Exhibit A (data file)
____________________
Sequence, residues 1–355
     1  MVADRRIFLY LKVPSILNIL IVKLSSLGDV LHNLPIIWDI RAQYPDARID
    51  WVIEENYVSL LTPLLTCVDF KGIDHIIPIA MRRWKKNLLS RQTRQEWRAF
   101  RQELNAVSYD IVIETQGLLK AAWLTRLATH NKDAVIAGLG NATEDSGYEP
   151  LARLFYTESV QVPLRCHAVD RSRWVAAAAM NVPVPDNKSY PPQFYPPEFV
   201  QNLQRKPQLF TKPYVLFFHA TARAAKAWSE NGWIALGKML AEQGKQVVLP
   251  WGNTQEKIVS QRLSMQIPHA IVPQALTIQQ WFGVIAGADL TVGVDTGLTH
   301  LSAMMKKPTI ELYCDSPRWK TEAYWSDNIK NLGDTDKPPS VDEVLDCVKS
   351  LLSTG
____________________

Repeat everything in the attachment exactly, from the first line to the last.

Sequence, residues 1–355
     1  MVADRRIFLY LKVPSILNIL IVKLSSLGDV LHNLPIIWDI RAQYPDARID
    51  WVIEENYVSL LTPLLTCVDF KGIDHIIPIA MRRWKKNLLS RQTRQEWRAF
   101  RQELNAVSYD IVIETQGLLK AAWLTRLATH NKDAVIAGLG NATEDSGYEP
   151  LARLFYTESV QVPLRCHAVD RSRWVAAAAM NVPVPDNKSY PPQFYPPEFV
   201  QNLQRKPQLF TKPYVLFFHA TARAAKAWSE NGWIALGKML AEQGKQVVLP
   251  WGNTQEKIVS QRLSMQIPHA IVPQALTIQQ WFGVIAGADL TVGVDTGLTH
   301  LSAMMKKPTI ELYCDSPRWK TEAYWSDNIK NLGDTDKPPS VDEVLDCVKS
   351  LLSTG